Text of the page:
With the Super Bowl gearing up, all the traditional virtues of big-screen offline TV watching will be on full display. Brands get to trumpet their most creative pitches before engaged audiences ready to eat up all the buzz with the bean dip, cheering on their team, or throwing pizza bites at the most annoying friend in the opposing camp.
This communal form of media consumption goes back to fireside chats and radio theater and has managed to survive, despite mobile and digital innovations, ever since the first car radio was installed. Much of the digital engagement surrounding the Super Bowl refers back to such a main event and its small-screen supplement, attempting to either enhance the traditional experience by personalizing it on individual “second” screens, or by extending the community through social channels beyond the immediate dimensions of the physical room. Only during these rare occasions can marketers avoid the connected, addressable future of TV, and leave viewers and brands to wallow in the messy transitional present.
The tension in the evolving TV space, seen in recent news from major studios and networks, is a fragmentation born out of competition, with little concern for “ease of use” on behalf of brands or their consumer audience. Consolidation of inventory (and data) would obviously allow each brand to find their audience easily, and deliver the most relevant content. Instead, increased fragmentation in OTT offerings, without universal standards, creates more headaches for the marketers as well as for the consumer who doesn’t want to have to jump around from platform to platform in order to see particular hit shows.
NBCUniversal’s announcement this month that they plan to release their own streaming service next year indicates how fragmented TV is becoming.
Aman Sareen, CEO of ZypMedia, sees the trend continuing with a service like Hulu. Disney gained a controlling interest in the OTT service with its acquisition of 21st Century Fox. This leaves the door open for abandoning Hulu and moving forward with Disney-related standalones like ESPN+ and the proposed Disney+, expected later this year.
“Fragmentation at the content level makes viewing harder for consumers,” Sareen stated. “It means I have to go to different places. This could bring consolidators at the device level – the Rokus and Firesticks of the world.”
At the very minimum, Sareen suggests, consumers would like to have everything they want to watch on one device. It’s still unclear how much revenue these platforms would generate in the future by running ads, or by multi-tier subscriptions where consumers control the ads they see.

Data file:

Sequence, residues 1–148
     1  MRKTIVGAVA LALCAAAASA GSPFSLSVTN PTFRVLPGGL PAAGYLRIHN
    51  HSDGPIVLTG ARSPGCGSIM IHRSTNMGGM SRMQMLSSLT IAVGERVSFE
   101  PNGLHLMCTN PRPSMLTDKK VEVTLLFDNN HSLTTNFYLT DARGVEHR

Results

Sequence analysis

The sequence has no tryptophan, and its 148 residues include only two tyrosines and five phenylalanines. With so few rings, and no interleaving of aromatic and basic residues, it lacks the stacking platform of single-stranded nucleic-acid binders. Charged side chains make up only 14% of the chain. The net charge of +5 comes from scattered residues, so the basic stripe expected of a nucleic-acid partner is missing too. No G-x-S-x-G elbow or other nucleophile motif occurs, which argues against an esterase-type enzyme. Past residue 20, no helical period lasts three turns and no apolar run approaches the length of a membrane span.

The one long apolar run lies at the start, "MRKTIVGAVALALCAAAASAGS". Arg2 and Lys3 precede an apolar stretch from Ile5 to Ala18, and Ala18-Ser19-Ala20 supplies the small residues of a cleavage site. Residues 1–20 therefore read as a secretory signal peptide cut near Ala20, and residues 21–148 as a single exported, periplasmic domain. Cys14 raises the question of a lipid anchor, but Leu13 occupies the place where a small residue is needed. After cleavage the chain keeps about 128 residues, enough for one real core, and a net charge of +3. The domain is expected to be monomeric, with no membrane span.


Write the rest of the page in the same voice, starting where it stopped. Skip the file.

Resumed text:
Already, NBCUniversal parent Comcast, in their latest comments on introducing their own streaming service in 2020, appears to be addressing these consumer pain points – with indications that it will be “offering current and prior seasons [of shows], library and some original content with a light advertising load all for free to pay TV customers,” in chairman/CEO Brian Roberts’ words.
“Everybody is different – it’s a personal preference,” said Sareen. “For example, the barrier to remove ads is a small barrier, maybe a dollar or two [per month].”
If some consumers don’t mind watching ads, that’s because the content and delivery is superior, Sareen explained. “A lot of innovation is happening with new ad formats,” he added, recalling live-sports broadcasts that now run three-second ads in a split screen without interrupting the action. “Potentially, an increasing number of consumers may have, in my opinion, a better brand association and recall, where advertisers aren’t inhibiting the experience at all…they’re offering a better experience.”
If ads can be a part of the solution in offering a dynamic viewing experience, data will help.
Brad Danaher, Director of TV Solutions at Experian, sees the increase in OTT usage as a move toward addressable TV that engages viewers personally, while also being able to measure results. “The Super Bowl is a reason to get together, where people will want to gather around the large screen,” said Danaher. “For brands, it’s more of a reach play. Full addressability is not there yet, so advertisers are trying to gain the biggest reach possible.”
According to Danaher, client brands look to Experian to combine sales data “to determine if a particular ad segment performed well.” This kind of attribution answers the big question left open by the traditional TV ratings system: did the advertising “drive results?”
For Andre Swanston, CEO of Tru Optik, the results-driven future is getting closer. “Our stack is built bottom-up for OTT,” Swanston said. “We built for it before it was a scalable opportunity.” He sees CTV “skyrocketing,” and brands developing the expectation for “census-level” measurement, casting aside ratings for addressable TV. The new streaming service from Sinclair Broadcast Group brings local news to OTT. “Over the next 18 months, we’ll see free ad-supported solutions become as big as broadband cable was in the ‘80s and ‘90s,” Swanston stated. “The Sinclair free offering is very forward-looking, but at the same time very ‘now.’”
With more and more CTV homes, there will be a “mad rush” for providers to monetize their content. He adds, “I think this will have a huge impact on how people think, with the ability for multiple viewers to watch the same programs and get different ads.”